“In 326, a scandal led to the reform of debt bondage, the nexum. An attractive youth sold himself into bondage to a creditor of his father. The creditor regarded the youth’s charms as an additional bonus to sweeten the loan and tried to seduce his new acquisition. Meeting resistance, he had the boy stripped naked and flogged. Bleeding from the lash, the boy rushed out into the street. An angry crowd gathered and marched on the Senate House for general redress.
“The consuls, taken aback conceded the point. They won the People’s approval of a law limiting the nexum to extreme cases, which, in addition, had to be adjudicated by a court. As a rule, to repay money lent him, a debtor’s property could be seized, but not his person.”
By William Greider, TheNation.com
The war whoops of the pundit class helped propel the nation into yet another doomed military adventure in the Middle East. Ghastly beheadings by a newly discovered enemy were the frightening flashpoint. The president ordered bombers aloft and US munitions were once again pounding battlefields in Iraq—and as of last night, in Syria. The president promised to “degrade and destroy” this vicious opponent.
Here we go again, I thought. This is how modern America goes to war. When superpower Goliath is challenged by sudden savagery, it has no choice but to respond with brute force. Or so we are told. Otherwise, America would no longer be a convincing Goliath. When war bells clang, politicians of every stripe find it very difficult to resist, lest they look weak or unpatriotic. And the American people, as usual, rally around the flag, as they always do when the country seems threatened. Citizens and members of the uniformed military are tired of war, but both in a sense are prisoners of the media-hyped hysteria that is the usual political reflex. Shoot first, ask questions later.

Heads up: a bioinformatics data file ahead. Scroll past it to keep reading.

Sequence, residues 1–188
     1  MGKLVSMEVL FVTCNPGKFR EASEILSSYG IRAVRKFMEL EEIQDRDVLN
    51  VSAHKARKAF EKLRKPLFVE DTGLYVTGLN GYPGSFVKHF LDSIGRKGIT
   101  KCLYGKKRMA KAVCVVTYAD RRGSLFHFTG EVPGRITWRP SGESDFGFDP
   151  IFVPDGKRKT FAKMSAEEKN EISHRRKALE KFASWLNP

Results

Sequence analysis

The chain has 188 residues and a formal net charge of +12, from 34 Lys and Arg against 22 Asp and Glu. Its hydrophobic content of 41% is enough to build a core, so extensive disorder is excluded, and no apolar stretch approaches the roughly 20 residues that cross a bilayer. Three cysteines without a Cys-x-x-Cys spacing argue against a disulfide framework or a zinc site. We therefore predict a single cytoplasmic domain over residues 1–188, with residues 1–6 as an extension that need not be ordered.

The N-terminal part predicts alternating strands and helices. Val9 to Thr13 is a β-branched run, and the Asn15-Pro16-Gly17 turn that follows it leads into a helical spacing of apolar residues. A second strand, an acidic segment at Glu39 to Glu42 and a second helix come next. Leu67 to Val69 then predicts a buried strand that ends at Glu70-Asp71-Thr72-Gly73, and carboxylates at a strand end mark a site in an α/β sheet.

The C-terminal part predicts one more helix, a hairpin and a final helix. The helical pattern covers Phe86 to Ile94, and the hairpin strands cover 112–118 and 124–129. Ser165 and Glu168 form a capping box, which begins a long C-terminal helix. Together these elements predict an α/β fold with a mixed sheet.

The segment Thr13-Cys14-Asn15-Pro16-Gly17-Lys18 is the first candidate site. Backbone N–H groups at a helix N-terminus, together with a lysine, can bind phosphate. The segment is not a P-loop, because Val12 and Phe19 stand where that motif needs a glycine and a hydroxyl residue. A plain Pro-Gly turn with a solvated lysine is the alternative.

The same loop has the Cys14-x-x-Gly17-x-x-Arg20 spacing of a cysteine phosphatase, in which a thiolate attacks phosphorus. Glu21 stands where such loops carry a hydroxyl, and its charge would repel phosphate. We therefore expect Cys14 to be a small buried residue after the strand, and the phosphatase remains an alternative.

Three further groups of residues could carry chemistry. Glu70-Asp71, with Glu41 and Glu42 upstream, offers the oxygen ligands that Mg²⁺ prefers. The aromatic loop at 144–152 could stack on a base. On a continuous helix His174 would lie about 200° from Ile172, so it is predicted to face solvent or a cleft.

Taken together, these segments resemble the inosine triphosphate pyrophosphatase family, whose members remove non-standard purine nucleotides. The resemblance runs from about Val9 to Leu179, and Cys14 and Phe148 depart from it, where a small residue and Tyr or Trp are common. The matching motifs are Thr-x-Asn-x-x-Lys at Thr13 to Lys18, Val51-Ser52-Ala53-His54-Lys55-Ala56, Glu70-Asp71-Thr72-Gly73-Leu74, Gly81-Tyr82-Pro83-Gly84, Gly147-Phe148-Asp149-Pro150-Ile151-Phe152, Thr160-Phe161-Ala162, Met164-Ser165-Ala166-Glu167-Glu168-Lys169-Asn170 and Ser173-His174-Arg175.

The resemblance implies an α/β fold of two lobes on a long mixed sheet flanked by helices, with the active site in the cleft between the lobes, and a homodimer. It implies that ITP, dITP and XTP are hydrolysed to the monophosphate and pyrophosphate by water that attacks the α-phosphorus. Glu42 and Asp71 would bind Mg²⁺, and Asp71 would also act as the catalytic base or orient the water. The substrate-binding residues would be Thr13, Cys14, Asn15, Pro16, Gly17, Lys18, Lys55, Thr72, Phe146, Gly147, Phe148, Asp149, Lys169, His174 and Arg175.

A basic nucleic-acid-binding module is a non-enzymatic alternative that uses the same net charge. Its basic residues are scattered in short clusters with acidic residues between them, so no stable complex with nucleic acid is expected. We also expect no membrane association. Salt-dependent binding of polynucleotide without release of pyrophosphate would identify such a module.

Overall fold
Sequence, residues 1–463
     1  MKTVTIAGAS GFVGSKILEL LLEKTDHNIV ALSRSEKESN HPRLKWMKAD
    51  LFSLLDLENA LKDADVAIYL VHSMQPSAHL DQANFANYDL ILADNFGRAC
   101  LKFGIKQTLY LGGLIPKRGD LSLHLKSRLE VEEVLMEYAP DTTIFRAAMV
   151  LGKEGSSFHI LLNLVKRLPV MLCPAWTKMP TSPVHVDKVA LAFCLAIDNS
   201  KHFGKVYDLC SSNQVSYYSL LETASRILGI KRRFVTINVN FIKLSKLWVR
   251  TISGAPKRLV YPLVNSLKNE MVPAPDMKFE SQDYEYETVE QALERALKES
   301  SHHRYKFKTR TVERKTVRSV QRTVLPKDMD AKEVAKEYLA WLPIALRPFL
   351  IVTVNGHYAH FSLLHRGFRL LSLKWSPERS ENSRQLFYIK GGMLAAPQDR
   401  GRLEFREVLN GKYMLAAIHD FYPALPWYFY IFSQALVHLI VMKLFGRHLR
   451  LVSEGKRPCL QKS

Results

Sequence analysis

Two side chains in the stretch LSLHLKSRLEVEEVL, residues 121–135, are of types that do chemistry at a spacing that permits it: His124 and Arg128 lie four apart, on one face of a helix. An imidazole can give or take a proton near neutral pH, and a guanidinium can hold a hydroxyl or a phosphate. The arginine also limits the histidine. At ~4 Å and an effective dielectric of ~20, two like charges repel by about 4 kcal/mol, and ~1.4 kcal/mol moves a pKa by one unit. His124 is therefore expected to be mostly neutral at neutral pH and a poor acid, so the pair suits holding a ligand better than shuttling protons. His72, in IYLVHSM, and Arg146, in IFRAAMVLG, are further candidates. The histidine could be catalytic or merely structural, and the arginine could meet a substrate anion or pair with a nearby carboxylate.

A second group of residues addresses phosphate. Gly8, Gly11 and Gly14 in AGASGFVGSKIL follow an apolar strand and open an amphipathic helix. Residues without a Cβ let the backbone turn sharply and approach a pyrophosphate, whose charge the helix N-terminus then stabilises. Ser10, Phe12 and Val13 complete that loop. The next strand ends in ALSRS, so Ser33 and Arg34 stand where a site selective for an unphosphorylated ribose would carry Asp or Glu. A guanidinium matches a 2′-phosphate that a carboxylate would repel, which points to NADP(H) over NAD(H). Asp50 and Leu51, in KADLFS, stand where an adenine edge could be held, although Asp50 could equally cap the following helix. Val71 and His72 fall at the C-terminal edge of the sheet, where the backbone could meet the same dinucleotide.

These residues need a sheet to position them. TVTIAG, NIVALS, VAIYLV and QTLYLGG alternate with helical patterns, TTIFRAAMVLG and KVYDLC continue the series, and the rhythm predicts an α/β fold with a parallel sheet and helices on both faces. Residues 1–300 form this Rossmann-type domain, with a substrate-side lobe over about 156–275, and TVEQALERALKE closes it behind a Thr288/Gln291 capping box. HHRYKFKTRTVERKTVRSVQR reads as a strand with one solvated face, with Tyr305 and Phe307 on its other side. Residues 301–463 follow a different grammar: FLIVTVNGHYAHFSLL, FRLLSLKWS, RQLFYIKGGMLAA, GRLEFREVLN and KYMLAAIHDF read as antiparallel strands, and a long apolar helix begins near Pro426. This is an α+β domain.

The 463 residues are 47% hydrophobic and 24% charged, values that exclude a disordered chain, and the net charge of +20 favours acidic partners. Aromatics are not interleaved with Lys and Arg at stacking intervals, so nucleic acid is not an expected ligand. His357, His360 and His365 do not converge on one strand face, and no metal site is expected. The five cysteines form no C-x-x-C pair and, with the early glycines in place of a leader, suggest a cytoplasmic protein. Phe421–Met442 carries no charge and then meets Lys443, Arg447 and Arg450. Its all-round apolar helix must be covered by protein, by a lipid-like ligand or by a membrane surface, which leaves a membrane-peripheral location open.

Only this time something different seems to be unfolding. Some of the most belligerent political commentators like Thomas Friedman of The New York Times are beginning to sound, well, wimpish. The new war is only a few weeks old, but Friedman and other prominent cheerleaders are already expressing sober second thoughts.
“How did we start getting so afraid again so fast?” Friedman asked. He ought to remember because Tom Friedman was a leading fear-monger a dozen years ago when the United States invaded Iraq with “shock and awe” destruction. Now the columnist wants us to be cautious. “Before we get in any deeper,” he wrote, “let’s ask some radical questions, starting with: What if we did nothing?”
Radical indeed. In 2003, he celebrated US intervention as a generous gift to the Iraqi people. “The only reason Iraq has any chance for a decent outcome today,” Friedman boasted, “is because America was on the ground with tens of thousands of troops to act as that well-armed midwife, reasonably trusted and certainly feared by both sides, to manage Iraq’s transition to more consensual politics.”